Residence halls included Brown Hall, Clark Hall, Craven-Wilson Hall, and Fair Hall. Other student housing facilities included Cooper House, LMC Cottages, and LMC Lodge.[23]

Notable alumni[edit]

Alumni of the Lon Morris College Theatre Arts Department include:

Other Lon Morris alumni include:


  1. ^ "Lon Morris College". Texas Mentor (XAP Corp. 1999-2006). Retrieved 2007-06-24.
  2. ^ Overcrowding the ‘suite’ life at Lon Morris Archived 2013-01-26 at archive.today, Jacksonville Daily Progress, August 26, 2009. Retrieved 2009-10-24.
  3. ^ "About Lon Morris College." (Archive) Lon Morris College. Retrieved on May 23, 2012.
  4. ^ Lon Morris College files for bankruptcy
  5. ^ Hodges, Sam; Editor, Former Managing; UMR. "Auction completed for Lon Morris College". UMR. Retrieved 2016-03-08. {{cite web}}: |last2= has generic name (help)
  6. ^ Ann Hudson: Jacksonville from the Handbook of Texas Online (June 6, 2001). Retrieved December 23, 2008.
  7. ^ Connie Snodgrass: Alexander, Isaac from the Handbook of Texas Online (June 6, 2001). Retrieved December 23, 2008.
  8. ^ a b "LMC History". Lon Morris College (2004), www.lonmorris.edu. Archived from the original on 2007-09-29. Retrieved 2007-06-24.
  9. ^ John Andrew Prime, "Ex-pastor of First United Methodist dies", Shreveport Times, July 15, 2007
  10. ^ City signs over recreation center, rodeo grounds Archived 2013-01-26 at archive.today, Jacksonville Daily Progress, August 10, 2009. Retrieved 2009-10-24.
  11. ^ "Football can't save Texas' oldest junior college". Lubbock Online | Lubbock Avalanche-Journal. Retrieved 2016-03-08.
  12. ^ "Lon Morris becomes second East Texas school to dump athletics". www.kltv.com. Retrieved 2016-03-08.
  13. ^ LMC Adds Ag Program, Jacksonville Daily Progress, Nathan Straus--writer, February 17, 2010. Retrieved 2010-03-09.
  14. ^ LMC Additions, Jacksonville Daily Progress, Nathan Straus--writer, February 3, 2010. Retrieved 2010-03-09.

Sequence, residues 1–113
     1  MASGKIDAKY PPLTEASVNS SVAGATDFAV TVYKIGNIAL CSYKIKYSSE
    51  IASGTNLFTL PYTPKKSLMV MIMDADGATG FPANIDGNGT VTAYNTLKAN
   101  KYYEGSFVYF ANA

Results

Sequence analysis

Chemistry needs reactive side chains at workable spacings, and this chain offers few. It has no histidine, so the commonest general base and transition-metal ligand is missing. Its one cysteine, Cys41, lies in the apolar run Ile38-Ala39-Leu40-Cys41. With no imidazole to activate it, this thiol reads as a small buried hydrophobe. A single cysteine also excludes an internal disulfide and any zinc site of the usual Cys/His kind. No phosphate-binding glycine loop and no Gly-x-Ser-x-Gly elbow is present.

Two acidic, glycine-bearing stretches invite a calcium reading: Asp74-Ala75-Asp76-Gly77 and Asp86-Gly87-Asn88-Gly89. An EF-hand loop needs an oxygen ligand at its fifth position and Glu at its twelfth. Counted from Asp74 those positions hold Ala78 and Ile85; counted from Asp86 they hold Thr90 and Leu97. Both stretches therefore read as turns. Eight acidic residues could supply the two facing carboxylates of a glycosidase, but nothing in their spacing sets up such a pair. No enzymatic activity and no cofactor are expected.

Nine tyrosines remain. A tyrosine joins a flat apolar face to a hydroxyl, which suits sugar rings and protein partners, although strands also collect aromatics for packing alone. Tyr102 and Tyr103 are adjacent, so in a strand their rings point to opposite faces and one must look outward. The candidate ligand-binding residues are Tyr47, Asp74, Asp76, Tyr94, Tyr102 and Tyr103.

15. ^ LMC inks deal for Landmark, Jacksonville Daily Progress, Nathan Straus--writer, March 8, 2010. Retrieved 2010-03-09.
  16. ^ Sadler's Kitchen Set To Move Into Landmark Building, Tyler Morning Telegraph, Kelly Gooch--writer, March 24, 2010. Retrieved 2010-03-28.
  17. ^ Lon Morris Adds Beds For Students, Tyler Morning Telegraph, Kelly Gooch--writer, March 25, 2010. Retrieved 2010-03-28.
  18. ^ a b Valencia, Nick. "Oldest 2-year college in Texas furloughs staff." CNN. Wednesday May 23, 2012. Retrieved on May 23, 2012.
  19. ^ Austin, Anthony. "Lon Morris restructuring could affect city financially." KYTX. Retrieved on May 26, 2012.
  20. ^ [1], KETK News, Angela Berry--executive producer, May 23, 2012. Retrieved 2012-05-23.
  21. ^ Resendiz, Marivel. "Lon Morris staff furloughed." Jacksonville Progress at the Corsicana Daily Sun. May 23, 2012. Retrieved on May 23, 2012.
  22. ^ "Tyler Junior College to reach out to Lon Morris students for summer study." KYTX-TV. May 25, 2012. Retrieved on May 25, 2012.
  23. ^ "Student Housing." (Archive) Lon Morris College. Retrieved on May 23, 2012.
  24. ^ a b c All planned out Archived 2013-01-26 at archive.today, Jacksonville Daily Progress, August 12, 2009. Retrieved 2009-10-24.
  25. ^ "Archived copy". Archived from the original on 2008-09-19. Retrieved 2009-02-03.{{cite web}}: CS1 maint: archived copy as title (link)
  26. ^ Amanda McBroom biography, http://www.amcbroom.com/amanda.html Archived 2009-10-31 at the Wayback Machine. Retrieved 2009-10-24.
  27. ^ Making history Archived 2013-01-26 at archive.today, Jacksonville Daily Progress, July 31, 2009. Retrieved 2009-10-24.
  28. ^ Dee Ann McWilliams' Facebook page listing, retrieved 2010-03-28.


  • Lon Morris College, a storied academic history, Jacksonville Daily Progress, August 16, 2009. Retrieved 2009-10-24.
  • John Wesley Hardt, "Cecil Peeples: a twentieth century giant: the story of Cecil Peeples, and his years at Lon Morris College in Jacksonville, Texas", UMR Communications, 1999. Retrieved 2009-10-24.
  • Glendell A. Jones, "Mid the pine hills of East Texas: the Methodist centennial history of Lon Morris College", Progress Publishing Co., 1973. Retrieved 2009-10-24.

External links[edit]

31°57′18″N 95°16′37″W / 31.95501°N 95.27703°W / 31.95501; -95.27703